In April, Chinese car sales recorded their first year-on-year increase since June 2018.

Sales bounced back by 4.4 per cent to 2.07 million while production also rose by 2.3 per cent to 2.102 million for the month, the China Association of Automobile Manufacturers (CAAM) said.

Of this, China produced 80,000 new energy vehicles (NEVs) in April; up 60 per cent on March but down 22.1 per cent on April last year.

Sales followed the same trend; up month-on-month but down from a year earlier to 72,000 units.

2020 vehicle output is still weighed down by huge year-on-year declines of 79 per cent (February) and 43 per cent (March) caused by COVID-19 restrictions.

China’s world-leading car market consumes 7 per cent of its total domestic steel demand. That means this tentative production and sales rebound is good news for iron ore players.

As the “backbone of the EV market to date”, China’s apparent early economic recovery from COVID-19 will also help support the beleaguered battery supply chain.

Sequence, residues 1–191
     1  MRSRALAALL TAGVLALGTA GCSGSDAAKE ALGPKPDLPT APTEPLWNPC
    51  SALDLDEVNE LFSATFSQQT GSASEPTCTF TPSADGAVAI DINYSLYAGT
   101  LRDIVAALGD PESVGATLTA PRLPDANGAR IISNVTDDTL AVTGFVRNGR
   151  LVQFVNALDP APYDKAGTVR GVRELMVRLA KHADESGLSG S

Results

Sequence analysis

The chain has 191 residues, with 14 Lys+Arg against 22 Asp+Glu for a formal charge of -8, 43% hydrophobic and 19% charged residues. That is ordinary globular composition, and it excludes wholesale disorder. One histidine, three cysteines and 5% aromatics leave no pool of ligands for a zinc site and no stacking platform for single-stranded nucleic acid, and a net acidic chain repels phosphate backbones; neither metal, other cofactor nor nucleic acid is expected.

China’s battery materials production also increased over April as demand recovered across multiple downstream sectors, but the short-term demand outlook is still weak.

Sales of battery cathode materials in the coming two months are expected to hold stable or dip “as the downstream market is nearly saturated, which is expected to provide little support to battery metals demand, according to CNIA”, Argus says.

READ: Have the next crop of battery metals producers been oversold?

As China emerges from the lockdowns, measures have been put in place to boost domestic NEV sales. In April, the government said it would extend subsidies on NEVs for two years to the end of 2022.

Provincial governments have also taken various measures to boost NEV sales, according to Argus.

The Hainan provincial government will offer a subsidy of 10,000 yuan/unit ($US1,439) to NEV buyers until December 31, following steps introduced by the Guangzhou municipal government and Sichuan province, it says.